“Only 3-4 sensors are used to scan the width of the boom and then one average recommendation is made for rate throughout the entire boom,” Reis says. “The sensors can be used with automatic boom section control to avoid overlaps, but you don’t have variable rate nitrogen prescriptions between boom sections.”

Crop sensors respond faster than conventional sprayer valves. Because of this, operators can encounter delayed control valve response when sensors prescribe large rate changes. Reis explains, “The control valve can go from fully open to fully closed in 2 seconds, but the sensors prescribe a new rate twice per second.”

“It’s putting nitrogen where it’s needed based on what the plant is doing at that time,” Reis says. “Crop sensors can give a yield bump. The total nitrogen investment may not decrease, but the nitrogen being used is going where it’s needed. And that can be determined in real-time, unlike soil or tissue tests.”

As with other precision equipment, growers may currently lack the knowledge and access to sensing technology. Cox says that he would like to try sensing technology, but is concerned that there isn’t currently sufficient tech support or qualified repair facilities in his area.

Applying Variable-Rate Technologies

Being able to vary the rate or type of herbicide on the go is something the application industry is working toward. But it may require recycling some old technology.

“Chemical injection systems are going to become a player again,” says Kevin Covey of Equipment Technologies. “Producers can use it to apply more or different chemical in areas where there is a heavy weed population or a different species.”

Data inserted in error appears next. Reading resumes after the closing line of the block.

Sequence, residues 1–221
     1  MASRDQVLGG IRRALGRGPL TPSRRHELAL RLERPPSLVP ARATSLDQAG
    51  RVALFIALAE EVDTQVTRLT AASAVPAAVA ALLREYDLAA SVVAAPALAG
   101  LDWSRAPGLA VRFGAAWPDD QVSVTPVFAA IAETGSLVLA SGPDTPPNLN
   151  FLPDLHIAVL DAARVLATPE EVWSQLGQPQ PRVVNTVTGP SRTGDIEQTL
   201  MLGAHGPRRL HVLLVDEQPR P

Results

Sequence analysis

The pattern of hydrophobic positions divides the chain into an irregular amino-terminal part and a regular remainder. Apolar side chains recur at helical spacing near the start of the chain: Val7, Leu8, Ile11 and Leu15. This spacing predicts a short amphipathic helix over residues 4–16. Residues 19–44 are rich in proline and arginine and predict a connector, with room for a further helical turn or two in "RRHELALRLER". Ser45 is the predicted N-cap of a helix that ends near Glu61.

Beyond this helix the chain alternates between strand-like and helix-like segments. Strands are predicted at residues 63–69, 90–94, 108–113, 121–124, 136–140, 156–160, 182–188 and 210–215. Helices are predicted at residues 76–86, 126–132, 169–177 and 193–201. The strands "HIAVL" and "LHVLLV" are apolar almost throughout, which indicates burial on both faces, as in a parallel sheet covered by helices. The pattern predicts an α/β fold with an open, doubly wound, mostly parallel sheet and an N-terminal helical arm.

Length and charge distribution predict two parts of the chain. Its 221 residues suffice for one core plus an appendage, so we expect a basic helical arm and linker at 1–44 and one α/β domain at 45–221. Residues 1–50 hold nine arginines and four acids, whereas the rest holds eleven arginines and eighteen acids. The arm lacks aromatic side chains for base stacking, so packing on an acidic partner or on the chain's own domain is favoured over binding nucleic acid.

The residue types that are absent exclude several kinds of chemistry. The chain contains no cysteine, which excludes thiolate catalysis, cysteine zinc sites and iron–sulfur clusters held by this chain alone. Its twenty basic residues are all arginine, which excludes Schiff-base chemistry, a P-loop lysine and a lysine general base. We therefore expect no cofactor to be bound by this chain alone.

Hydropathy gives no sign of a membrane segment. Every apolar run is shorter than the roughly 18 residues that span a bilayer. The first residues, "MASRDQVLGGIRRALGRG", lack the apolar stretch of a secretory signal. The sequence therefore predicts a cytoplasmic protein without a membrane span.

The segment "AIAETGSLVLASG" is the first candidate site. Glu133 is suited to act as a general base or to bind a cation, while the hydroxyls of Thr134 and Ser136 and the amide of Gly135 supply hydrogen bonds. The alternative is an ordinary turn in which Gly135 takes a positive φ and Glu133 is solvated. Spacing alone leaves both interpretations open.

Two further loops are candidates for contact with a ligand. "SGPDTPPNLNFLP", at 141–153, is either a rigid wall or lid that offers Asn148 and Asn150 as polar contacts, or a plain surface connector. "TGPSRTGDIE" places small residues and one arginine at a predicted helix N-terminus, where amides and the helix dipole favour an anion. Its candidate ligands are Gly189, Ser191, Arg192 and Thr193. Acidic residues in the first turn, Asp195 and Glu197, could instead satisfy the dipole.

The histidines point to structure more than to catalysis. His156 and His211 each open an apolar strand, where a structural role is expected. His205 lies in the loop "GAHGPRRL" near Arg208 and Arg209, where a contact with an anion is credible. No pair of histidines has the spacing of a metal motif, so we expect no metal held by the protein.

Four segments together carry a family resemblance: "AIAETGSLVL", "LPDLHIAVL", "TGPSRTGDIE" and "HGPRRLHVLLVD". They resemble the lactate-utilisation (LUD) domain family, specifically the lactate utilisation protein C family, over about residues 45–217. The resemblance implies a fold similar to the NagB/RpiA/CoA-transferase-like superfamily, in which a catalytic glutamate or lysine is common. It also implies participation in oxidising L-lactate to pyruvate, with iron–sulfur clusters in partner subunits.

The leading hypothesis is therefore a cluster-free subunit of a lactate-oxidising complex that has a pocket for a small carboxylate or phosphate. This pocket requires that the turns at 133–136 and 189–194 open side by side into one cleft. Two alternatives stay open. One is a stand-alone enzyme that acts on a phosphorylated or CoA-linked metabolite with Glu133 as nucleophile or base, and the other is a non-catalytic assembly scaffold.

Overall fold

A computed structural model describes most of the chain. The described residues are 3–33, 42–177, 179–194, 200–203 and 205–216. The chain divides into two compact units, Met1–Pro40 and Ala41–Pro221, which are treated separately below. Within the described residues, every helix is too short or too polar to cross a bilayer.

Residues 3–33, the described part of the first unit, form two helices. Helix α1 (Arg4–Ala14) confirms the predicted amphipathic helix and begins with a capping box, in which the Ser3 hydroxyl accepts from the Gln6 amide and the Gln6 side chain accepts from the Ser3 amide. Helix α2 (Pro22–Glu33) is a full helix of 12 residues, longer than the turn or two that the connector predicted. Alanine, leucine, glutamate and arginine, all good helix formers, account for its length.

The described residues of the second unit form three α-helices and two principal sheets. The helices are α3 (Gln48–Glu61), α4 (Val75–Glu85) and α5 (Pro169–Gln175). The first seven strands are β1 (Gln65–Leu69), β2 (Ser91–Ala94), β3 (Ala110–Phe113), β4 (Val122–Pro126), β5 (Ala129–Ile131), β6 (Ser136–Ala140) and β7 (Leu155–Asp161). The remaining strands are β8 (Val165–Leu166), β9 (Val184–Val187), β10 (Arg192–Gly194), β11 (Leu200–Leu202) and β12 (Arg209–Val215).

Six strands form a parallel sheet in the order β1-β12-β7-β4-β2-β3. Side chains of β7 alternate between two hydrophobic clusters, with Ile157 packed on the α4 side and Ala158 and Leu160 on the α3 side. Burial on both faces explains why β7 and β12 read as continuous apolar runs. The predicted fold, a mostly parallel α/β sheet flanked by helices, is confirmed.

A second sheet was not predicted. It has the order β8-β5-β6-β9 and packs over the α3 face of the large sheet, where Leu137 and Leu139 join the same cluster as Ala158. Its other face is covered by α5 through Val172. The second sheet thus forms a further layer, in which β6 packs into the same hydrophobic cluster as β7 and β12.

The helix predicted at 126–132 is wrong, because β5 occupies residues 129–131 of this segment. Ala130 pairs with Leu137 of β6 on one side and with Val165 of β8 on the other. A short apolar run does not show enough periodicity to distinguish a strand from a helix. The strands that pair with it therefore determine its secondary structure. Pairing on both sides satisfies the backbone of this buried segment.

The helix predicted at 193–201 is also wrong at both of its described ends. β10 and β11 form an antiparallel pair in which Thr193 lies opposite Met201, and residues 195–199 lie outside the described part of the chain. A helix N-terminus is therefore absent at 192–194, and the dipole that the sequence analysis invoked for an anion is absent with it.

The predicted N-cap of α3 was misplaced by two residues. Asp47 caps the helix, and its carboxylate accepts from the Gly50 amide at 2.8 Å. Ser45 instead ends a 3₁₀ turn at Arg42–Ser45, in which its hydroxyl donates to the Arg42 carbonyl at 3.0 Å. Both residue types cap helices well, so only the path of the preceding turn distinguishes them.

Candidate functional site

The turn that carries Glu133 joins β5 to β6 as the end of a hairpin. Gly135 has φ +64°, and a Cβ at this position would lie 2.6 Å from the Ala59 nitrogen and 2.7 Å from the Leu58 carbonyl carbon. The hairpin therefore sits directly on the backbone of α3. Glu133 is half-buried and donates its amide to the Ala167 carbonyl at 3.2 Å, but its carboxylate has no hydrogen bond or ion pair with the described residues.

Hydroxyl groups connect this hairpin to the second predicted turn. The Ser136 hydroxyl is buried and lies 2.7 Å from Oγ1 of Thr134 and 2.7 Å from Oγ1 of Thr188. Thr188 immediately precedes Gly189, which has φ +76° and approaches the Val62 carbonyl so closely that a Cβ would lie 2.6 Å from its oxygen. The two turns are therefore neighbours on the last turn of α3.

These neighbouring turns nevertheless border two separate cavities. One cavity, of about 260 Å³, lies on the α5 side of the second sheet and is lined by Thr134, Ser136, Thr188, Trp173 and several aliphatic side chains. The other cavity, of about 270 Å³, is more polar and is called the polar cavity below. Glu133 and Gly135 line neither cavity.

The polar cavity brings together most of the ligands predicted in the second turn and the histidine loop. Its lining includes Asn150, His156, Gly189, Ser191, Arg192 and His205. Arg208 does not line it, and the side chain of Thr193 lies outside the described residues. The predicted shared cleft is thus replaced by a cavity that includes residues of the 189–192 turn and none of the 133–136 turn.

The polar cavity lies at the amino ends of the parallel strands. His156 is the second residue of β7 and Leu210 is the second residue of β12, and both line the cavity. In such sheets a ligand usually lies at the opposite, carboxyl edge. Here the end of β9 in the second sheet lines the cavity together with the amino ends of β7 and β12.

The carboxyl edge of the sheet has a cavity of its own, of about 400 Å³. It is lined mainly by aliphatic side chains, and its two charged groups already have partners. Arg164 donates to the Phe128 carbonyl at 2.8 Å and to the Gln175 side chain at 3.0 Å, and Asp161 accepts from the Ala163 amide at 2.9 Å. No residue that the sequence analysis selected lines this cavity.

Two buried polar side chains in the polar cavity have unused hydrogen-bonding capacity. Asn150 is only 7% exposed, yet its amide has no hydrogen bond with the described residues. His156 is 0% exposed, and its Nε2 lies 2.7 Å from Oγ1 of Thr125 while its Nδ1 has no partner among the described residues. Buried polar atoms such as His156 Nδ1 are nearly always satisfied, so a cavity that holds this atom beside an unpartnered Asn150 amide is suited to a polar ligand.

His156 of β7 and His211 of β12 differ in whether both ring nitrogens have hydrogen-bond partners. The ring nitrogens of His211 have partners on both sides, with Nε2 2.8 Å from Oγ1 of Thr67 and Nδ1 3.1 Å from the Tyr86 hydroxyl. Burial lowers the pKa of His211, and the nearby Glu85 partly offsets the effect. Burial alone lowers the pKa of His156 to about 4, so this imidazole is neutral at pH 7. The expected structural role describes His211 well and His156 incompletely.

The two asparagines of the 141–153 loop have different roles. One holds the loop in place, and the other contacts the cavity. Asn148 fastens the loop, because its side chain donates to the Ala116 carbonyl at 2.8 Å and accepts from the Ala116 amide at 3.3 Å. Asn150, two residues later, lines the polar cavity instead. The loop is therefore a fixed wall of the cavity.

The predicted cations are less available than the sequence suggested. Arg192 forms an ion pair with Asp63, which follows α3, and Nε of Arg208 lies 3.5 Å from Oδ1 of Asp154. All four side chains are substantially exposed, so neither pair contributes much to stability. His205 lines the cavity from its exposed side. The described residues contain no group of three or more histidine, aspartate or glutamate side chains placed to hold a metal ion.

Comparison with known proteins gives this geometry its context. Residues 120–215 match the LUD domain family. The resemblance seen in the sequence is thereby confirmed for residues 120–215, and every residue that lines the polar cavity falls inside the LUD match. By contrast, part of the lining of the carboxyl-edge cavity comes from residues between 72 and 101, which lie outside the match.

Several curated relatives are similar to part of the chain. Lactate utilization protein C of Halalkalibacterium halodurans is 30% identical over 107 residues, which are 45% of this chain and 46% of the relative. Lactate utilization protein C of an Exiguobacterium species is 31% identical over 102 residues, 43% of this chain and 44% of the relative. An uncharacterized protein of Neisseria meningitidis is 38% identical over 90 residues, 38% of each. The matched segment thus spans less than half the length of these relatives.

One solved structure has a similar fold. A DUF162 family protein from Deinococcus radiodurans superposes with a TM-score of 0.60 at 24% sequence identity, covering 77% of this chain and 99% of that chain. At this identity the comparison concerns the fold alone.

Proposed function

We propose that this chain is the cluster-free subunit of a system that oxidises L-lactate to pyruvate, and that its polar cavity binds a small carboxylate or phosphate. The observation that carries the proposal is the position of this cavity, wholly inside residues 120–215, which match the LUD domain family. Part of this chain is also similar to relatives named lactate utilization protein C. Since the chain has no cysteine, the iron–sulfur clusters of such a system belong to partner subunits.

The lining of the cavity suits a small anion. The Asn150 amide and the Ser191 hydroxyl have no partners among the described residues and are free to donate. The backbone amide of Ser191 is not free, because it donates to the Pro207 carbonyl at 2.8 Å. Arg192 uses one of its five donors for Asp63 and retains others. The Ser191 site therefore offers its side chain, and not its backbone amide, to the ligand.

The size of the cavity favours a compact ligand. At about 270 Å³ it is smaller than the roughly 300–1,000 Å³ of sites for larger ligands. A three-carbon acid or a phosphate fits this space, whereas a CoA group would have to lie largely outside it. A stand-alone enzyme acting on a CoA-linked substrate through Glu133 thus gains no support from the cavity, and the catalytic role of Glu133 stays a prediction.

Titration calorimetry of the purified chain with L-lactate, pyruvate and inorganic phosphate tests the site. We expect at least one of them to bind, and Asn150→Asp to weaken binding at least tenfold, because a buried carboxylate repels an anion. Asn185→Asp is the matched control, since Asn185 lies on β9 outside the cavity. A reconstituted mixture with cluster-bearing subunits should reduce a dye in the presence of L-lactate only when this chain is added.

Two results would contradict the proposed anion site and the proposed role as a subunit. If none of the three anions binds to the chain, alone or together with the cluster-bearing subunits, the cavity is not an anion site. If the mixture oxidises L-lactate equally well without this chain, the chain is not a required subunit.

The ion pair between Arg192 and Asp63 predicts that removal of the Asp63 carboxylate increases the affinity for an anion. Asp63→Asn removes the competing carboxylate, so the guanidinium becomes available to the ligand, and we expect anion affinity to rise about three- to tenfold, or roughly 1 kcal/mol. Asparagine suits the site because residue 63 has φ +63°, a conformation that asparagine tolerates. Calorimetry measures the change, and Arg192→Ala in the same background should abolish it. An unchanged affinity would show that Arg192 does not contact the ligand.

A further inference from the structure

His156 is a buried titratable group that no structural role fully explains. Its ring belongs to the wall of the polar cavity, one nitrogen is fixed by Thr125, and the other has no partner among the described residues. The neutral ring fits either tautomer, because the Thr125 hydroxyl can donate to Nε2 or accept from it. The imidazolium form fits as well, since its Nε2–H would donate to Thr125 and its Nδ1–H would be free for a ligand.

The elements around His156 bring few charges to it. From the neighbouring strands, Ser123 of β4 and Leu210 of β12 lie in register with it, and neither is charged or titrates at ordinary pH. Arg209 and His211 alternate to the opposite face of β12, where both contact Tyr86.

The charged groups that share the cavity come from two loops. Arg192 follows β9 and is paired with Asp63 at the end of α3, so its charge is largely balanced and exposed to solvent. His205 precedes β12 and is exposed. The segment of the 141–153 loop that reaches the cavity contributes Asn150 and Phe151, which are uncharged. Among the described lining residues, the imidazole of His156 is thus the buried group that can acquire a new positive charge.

Chemical injection sprayers carry chemical and water in separate tanks and pump it to the nozzles for mixing just prior to application. This technology was looked at in the early 1990s as an option for developing variable-rate herbicide applicators. Challenges arose for variable-rate herbicides as significant time delays in changing concentrations occurred as the chemical moved through the spray boom. This resulted in significant areas of misapplication. One study suggested injecting chemical into the carrier at the nozzle body to avoid delays. 

While the chemical injection system itself can be used to quickly and easily switch between chemicals or between rates for spot treatment, it’s not a true variable rate application, which is where Covey thinks spray application is headed next. 

“Chemical injection needs to be improved upon,” Covey says. “It needs to better integrate with the machine.” 

Even further out may be the ability to use sensing technology to automatically determine weed type and pressure for accurate weed control.